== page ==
President Trump announced that the United States is withdrawing from the Paris Accord on the environment. The end is nigh!
Many in corporate America urged the president to abide by a deal that the godfather of the global warming community, Jim Hansen, called a “fraud.” Indeed, after the voluntary, unenforceable agreement was reached, most environmentalists called it a waste of time and effort, but it made politicians feel good about themselves so it was agreed to.
But this is Trump acting, so it must be wrong!
Dan Rather appeared out of the mist to prove he’s learned nothing from his experience with fake news. “We haven’t had a president this psychologically troubled … since at least Richard Nixon.” Really?
The ACLU dusted off their perennial charge, “Pulling out of the Paris Agreement would be a massive step back for racial justice and an assault on communities of color across the U.S.”
Even oil companies urged the president to remain in the agreement! Really? Should we be surprised that oil companies would like to put an end to coal’s 30 percent share of the electric generation market?
The Paris Accord is an agreement to lower emissions of CO2 in hopes of slowing a warming of the planet that has been going on since the end of the last ice age 11,400 years ago. Each of the 190 nations who signed the agreement determines what they will do to reduce their emissions and by how much. They are expected to reach their “intended nationally determined contribution” (INDC) upon agreed funding which is expected to be available by 2020. The developed nations agreed to a Climate Fund of $100 billion and President Obama committed the United States to $3 billion of that.
India, while remaining proudly committed to the agreement, is not too impressed with the Climate Fund. As one of the world’s largest producers of CO2, India is expecting $2.5 trillion in financial assistance to meet its INDC. Meanwhile they continue to build coal-fired power plants.
A New York Times headline read, “Trump Hands the Chinese a Gift: The Chance for Global Leadership” That would be the same Chinese that are building one coal-fired power plant a week and only commit to getting serious about the agreement by 2030.
In response to President Trump’s decision to withdraw from the agreement the governors of California, Washington and New York and the mayors of 67 cities have committed to live up to its provisions. Good for them.
I have two questions for the governors and mayors. How much of your taxpayers’ money are you committing to the Climate Fund? Would you tell us before your next election?
What is embarrassing about this entire spectacle is the vanity of the human species. We have somehow convinced ourselves that our activity on this planet over the last century has overcome the forces that have been keeping this planet for 4.5 billion years.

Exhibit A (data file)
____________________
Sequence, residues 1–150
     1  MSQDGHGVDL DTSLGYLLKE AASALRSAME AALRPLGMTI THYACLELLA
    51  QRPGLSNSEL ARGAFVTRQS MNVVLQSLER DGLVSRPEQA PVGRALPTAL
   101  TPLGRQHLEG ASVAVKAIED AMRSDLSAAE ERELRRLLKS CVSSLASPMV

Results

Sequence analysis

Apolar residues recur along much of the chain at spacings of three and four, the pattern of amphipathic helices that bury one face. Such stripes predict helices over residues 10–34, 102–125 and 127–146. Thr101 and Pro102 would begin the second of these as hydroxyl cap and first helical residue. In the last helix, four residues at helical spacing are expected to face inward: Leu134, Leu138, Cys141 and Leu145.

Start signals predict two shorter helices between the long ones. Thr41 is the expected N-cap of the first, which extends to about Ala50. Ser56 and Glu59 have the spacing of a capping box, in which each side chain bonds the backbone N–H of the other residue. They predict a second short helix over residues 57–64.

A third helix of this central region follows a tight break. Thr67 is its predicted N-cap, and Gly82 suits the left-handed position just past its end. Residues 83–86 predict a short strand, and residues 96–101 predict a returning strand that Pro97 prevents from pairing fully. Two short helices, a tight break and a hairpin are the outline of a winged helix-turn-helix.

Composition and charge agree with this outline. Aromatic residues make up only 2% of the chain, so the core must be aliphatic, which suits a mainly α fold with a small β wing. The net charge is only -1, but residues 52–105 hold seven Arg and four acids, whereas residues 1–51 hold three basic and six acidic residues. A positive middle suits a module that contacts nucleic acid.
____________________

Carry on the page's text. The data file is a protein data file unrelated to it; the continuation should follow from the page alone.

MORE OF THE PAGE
The temperatures and CO2 levels today are at the lower end of the last 10,000 years.
After 4.5 billion years of the planet’s survival, we are told that our activity over the last 40 years is threatening its very existence. The Paris agreement, if all nations keep their commitments, will impact our temperature levels not at all. To reduce temperatures by 0.2 degrees is not measurable. Get a grip!
On the same day The New York Times declared the end of the world they ran this story: “Astronomers said Thursday that they had felt space-time vibrations known as gravitational waves from the merger of a pair of mammoth black holes resulting in a pit of infinitely deep darkness weighing as much as 49 suns, some 3 billion light-years from here.”
That should convince us that we are a very small presence in a very large universe. We are not the universe. We have improved our lot over that of our ancestors such that even poor Americans live lives today in more personal comfort than Kings and Queens could dream of just a couple of centuries ago. And the quality of our lives has improved in direct correspondence with the increase in availability of energy.
One billion of the poorest and sickest humans on the planet live in areas without energy. Their lives are brutal and short. The kindest and most generous thing the developing nations could do is use the $100 billion Climate Fund to build coal-fired power plants for them.
It is the cheapest form of energy and the easiest to build. It would afford them access to fresh water, the lack of which is the proximate cause of many of the pathologies of the poor. It would also give them a bit of CO2 to enable them to grow a plant to eat.
It may not make us feel like we are saving the planet, but perhaps saving the life of just one person will be sufficient.
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